What two groups have the Muslims divided into?

Islam

The emergence of Islam

Every religion, with the exception of Hinduism and the Japanese natural religion Shintoism, begins with chosen people. In Buddhism this is Siddharta Gautama, who came to enlightenment through asceticism and meditation. Judaism knows several founders at the same time. Abraham, Isaac and Jacob are considered the fathers of the people of Israel. Then there is Moses, who receives the Torah, the holy scripture of the Jews, from God on Mount Sinai.

For Christians, Jesus of Nazareth is the chosen divine Messiah. Islam was based on the revelations of the Prophet Mohammed (570-632 AD). He lived in Mecca and Medina and received messages from God over and over again in the course of his life. These revelations (suras) are collected in the Koran.

Shiites and Sunnis - the two largest denominations

There are two major faiths in Islam: the Sunnis and the Shiites. The followers of the Shia (Shiites) make up only about a tenth of the Muslims. In Iran, for example, the Shia is the state religion. There are also many Shiites living in Iraq and Azerbaijan.

Most Muslims, however, are Sunnis. They believe in the Sunnah. The Sunnah is everything that, according to tradition, Mohammed said, done and decided. Basically, the Shiites do the same. The different development of the two faiths begins with the death of the Prophet Mohammed.

It is about following the prophet. The Shiites believe that Muhammad's son-in-law Ali was the rightful successor. They are convinced that this was the real will of the prophet. Instead, another was chosen: Abu Bakr - a close advisor to the Prophet.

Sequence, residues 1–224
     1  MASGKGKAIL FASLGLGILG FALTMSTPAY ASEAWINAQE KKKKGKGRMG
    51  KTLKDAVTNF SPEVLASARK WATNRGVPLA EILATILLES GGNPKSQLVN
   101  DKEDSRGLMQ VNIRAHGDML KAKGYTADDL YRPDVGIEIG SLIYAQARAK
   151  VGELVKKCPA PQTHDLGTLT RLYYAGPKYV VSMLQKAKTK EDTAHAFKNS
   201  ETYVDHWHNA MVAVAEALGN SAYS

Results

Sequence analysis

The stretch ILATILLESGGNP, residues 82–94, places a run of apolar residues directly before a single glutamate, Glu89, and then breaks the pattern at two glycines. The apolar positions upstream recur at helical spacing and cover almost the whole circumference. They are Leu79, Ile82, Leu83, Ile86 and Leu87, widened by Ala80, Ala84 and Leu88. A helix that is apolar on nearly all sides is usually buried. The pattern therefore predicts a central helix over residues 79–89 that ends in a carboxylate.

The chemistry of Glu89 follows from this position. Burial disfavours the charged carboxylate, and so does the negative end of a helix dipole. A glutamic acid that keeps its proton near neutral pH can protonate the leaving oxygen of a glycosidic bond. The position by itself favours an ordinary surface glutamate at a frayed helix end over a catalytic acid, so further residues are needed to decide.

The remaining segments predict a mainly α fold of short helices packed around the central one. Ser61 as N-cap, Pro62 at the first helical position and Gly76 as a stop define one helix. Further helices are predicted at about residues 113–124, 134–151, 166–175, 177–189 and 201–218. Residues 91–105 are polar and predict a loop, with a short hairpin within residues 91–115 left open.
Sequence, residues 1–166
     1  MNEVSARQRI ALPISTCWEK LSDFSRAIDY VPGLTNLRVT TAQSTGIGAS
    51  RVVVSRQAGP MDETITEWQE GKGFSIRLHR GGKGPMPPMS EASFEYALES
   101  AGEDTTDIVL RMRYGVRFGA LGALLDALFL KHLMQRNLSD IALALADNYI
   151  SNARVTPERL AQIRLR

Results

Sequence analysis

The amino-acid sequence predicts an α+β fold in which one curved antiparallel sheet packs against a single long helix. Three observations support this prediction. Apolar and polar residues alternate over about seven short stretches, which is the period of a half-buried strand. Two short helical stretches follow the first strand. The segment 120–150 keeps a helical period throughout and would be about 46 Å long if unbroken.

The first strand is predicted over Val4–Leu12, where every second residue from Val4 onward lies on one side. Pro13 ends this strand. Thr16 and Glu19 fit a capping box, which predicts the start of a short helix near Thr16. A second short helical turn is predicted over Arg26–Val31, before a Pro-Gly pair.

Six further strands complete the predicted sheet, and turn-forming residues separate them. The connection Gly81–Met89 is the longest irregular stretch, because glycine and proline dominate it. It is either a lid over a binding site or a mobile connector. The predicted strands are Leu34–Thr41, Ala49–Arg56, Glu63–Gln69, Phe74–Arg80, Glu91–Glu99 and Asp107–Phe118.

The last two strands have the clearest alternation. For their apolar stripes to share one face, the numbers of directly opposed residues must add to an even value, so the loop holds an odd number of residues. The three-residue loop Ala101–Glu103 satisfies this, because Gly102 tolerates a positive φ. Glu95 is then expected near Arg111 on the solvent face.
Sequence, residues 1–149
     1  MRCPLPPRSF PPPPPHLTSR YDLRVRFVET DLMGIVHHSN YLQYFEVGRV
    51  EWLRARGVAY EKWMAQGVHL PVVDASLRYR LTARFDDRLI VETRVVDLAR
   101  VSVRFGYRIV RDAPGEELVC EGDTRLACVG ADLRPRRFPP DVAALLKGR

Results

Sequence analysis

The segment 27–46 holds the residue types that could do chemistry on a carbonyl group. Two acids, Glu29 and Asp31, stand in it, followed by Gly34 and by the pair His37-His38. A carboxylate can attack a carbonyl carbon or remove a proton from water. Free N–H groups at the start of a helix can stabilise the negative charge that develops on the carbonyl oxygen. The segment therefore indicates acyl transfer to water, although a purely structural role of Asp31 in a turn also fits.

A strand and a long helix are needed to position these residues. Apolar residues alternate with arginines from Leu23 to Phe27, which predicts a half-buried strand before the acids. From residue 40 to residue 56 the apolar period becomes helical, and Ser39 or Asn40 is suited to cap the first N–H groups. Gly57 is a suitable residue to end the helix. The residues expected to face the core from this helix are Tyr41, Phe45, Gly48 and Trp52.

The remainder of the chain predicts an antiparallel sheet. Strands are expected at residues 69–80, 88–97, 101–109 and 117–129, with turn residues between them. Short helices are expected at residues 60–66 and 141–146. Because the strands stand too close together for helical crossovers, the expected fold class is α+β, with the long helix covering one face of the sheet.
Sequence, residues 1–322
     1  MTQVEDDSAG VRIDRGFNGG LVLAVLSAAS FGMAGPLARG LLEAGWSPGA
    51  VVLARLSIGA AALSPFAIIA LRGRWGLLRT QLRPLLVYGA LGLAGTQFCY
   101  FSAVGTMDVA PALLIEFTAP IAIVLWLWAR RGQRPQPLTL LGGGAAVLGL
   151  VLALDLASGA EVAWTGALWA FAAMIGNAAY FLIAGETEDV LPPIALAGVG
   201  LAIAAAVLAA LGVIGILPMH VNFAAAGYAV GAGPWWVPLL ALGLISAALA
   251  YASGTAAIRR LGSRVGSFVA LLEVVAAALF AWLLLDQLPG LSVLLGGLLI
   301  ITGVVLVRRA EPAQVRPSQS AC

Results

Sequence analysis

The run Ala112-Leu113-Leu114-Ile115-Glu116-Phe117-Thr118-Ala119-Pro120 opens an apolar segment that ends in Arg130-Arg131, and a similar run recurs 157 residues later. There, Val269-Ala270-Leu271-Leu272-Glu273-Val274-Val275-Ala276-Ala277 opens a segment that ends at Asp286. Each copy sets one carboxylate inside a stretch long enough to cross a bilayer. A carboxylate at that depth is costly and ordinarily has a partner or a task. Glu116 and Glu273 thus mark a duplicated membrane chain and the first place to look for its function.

At that time, the Sunnis accepted Abu Bakr as their successor. He was called the caliph. From then on, the respective caliph was the accepted deputy of the prophet. In 1924 the caliphate was abolished. Since then, there is no longer any recognized religious authority among the Sunnis.

It is different with the Shiites. The imam plays an important role in them. The imam is the spiritual leader of the community and the undisputed religious authority responsible for interpreting the Koran. The imams, for example Ayatollah Khomeini in Iran, have great secular power as a result.

The sugar festival

What Christmas is for Christians, "Id Al-Fitr" is for Muslims. This festivity is also known in some cultures as the Sugar Festival, because on this day, children in particular are given plenty of sweets. The festival is celebrated on the first day after Ramadan and thus means the end of Lent.

Ramadan is calculated according to the lunar calendar and takes place at a different time each year. That is why the Sugar Festival - unlike Christian Christmas - is not celebrated at the same time every year. Fasting during Ramadan is one of the five pillars of Islam.